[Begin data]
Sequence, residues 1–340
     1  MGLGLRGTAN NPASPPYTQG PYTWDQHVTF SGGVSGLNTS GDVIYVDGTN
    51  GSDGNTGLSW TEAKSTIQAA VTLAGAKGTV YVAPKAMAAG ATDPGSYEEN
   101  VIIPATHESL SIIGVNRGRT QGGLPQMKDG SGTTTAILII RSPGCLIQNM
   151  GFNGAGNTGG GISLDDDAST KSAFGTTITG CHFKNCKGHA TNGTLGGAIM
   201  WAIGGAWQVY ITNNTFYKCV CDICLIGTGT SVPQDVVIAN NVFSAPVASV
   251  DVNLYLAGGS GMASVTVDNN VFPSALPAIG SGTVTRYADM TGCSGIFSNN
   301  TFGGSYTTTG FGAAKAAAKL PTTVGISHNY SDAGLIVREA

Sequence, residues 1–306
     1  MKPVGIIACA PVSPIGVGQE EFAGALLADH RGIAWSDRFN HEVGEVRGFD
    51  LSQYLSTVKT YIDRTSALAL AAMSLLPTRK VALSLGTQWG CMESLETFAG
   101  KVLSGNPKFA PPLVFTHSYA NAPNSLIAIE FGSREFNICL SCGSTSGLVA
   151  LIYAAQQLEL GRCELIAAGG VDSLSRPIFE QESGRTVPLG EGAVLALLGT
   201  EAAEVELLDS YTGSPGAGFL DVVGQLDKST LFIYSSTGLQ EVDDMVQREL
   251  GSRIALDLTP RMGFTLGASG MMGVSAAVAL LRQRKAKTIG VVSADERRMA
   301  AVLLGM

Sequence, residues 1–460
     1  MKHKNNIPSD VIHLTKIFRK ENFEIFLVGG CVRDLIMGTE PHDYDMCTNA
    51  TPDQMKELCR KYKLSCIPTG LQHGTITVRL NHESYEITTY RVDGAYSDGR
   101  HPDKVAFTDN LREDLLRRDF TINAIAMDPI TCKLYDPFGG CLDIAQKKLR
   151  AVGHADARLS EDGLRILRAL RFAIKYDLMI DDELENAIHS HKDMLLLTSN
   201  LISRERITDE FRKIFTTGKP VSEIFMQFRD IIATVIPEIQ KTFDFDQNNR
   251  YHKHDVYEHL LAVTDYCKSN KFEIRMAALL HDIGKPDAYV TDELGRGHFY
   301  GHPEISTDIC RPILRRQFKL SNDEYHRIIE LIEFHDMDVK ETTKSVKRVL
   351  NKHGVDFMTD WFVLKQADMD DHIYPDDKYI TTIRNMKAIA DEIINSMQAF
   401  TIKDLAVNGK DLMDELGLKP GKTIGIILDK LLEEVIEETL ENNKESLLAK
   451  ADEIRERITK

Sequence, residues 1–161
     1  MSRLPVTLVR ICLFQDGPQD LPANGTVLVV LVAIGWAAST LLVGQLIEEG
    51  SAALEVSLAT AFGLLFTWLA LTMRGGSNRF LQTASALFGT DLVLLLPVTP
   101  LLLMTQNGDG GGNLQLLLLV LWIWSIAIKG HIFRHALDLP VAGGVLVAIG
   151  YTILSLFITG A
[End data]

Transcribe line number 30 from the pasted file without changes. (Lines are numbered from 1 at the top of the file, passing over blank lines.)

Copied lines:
    51  SAALEVSLAT AFGLLFTWLA LTMRGGSNRF LQTASALFGT DLVLLLPVTP